The engine is spartan in its appearance and amenities. I particularly like it because it is an example of Aster's earliest work in this field and it serves as a sort of corner stone from which future accomplishment can be measured. These models still show up from time to time on the secondhand market, often for quite reasonable money, especially for the one-cylinder version.

The run
Today was another really hot day in Denver, well into the 90s. People who run live steam in the intense heat must be nuts. That aside, hot weather can significantly alter an engine's performance. It can turn a normally lively engine into a rocket.

After oiling all around, I fitted the suction fan into the stack to draw the fire while steam was being raised, opened the alcohol valve in the tender, and lit the asbestos wicks. Steam came up smartly and I was soon able to open the blower and dispense with the fan. As pressure rose, I noticed that the clack valve in the cab was weeping a little, but this would not be a problem. Once pressure had come up sufficiently, I opened the throttle. The engine jumped ahead -- no messing around with clearing condensate today! Performance was nothing short of spectacular, with the two exhaust beats per revolution clearly audible.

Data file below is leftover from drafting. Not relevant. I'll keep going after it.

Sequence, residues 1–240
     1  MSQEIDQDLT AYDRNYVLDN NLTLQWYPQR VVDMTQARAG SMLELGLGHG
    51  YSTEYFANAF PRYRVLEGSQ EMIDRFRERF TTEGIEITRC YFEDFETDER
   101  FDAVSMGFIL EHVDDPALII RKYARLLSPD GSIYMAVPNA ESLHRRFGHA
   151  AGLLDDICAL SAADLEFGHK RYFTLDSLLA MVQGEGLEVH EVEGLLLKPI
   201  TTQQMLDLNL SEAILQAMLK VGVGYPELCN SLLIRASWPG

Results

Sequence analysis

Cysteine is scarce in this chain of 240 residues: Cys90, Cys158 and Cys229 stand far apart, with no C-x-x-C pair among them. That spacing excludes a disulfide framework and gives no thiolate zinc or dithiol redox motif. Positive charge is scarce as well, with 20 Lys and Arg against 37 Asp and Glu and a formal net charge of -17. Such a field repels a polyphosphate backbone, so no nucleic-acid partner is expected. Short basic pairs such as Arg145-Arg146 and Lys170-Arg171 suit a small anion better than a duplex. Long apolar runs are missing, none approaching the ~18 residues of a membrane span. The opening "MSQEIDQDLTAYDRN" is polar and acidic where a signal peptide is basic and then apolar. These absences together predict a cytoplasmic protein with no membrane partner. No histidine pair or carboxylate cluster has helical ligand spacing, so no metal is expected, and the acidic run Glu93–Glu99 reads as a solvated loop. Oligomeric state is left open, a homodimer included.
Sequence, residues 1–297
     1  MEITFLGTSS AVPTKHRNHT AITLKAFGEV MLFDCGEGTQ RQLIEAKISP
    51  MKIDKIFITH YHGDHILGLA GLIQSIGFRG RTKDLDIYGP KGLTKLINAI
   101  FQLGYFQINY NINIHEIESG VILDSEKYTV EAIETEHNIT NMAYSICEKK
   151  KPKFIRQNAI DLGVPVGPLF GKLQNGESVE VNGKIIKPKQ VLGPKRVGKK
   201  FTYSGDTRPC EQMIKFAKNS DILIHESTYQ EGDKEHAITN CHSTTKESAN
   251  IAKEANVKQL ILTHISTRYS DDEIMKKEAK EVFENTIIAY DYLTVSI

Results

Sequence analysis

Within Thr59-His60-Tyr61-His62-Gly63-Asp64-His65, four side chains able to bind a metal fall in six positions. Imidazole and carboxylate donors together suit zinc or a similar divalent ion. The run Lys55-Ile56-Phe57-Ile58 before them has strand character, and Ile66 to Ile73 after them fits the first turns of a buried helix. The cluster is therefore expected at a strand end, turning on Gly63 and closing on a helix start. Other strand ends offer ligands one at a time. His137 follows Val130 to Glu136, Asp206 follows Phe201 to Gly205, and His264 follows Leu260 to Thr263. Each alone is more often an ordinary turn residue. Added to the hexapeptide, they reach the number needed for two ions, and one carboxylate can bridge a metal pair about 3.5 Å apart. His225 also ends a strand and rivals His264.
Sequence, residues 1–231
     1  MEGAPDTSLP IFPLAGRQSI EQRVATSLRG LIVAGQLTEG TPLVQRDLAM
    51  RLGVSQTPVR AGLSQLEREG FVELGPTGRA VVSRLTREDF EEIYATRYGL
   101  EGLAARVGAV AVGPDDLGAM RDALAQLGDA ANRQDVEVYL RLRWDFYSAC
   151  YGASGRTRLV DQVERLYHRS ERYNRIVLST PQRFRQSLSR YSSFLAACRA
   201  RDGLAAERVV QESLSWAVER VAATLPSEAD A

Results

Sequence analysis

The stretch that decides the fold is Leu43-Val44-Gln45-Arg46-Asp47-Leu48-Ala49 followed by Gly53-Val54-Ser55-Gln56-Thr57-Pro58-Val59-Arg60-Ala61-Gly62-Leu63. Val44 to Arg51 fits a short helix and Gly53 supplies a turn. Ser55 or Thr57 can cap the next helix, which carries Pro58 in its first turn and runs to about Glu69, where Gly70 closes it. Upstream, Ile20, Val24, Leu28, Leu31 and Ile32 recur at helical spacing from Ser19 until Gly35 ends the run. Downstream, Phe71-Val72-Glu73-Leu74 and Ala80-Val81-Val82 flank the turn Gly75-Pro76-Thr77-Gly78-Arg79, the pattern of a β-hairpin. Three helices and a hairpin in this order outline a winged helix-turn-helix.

All of the control of this engine takes place in about two or three degrees of throttle rotation. After that, it's just flat out. The engine really needs a train to calm it down, especially on a day like this, but I was running it light. About 15 minutes into the run, a problem developed. The sump in the tender started leaking alcohol onto the track, which promptly ignited when the engine stopped and which burned under the tender when it was in motion, heating the tender to the point where I couldn't touch it. Pressure rose in the boiler as well, and the engine was soon out of control, running faster than I could. I'm certain that a speed record was set on the Ogden Botanical Railway today. After traveling three-quarters of the way around the loop at an impossible rate, the locomotive finally took flight. Serendipitously, a friend, Rich Maul, was on the spot and was able to sort of catch it and prevent it from taking a high-speed nose dive into the gravel, two feet below track level. We quickly replaced the engine on the rails, turned off the alcohol valve, and let it quietly run off the little fuel that hadn't already leaked out of the sump. All in all, it was an eventful and interesting run -- one I hope never to repeat.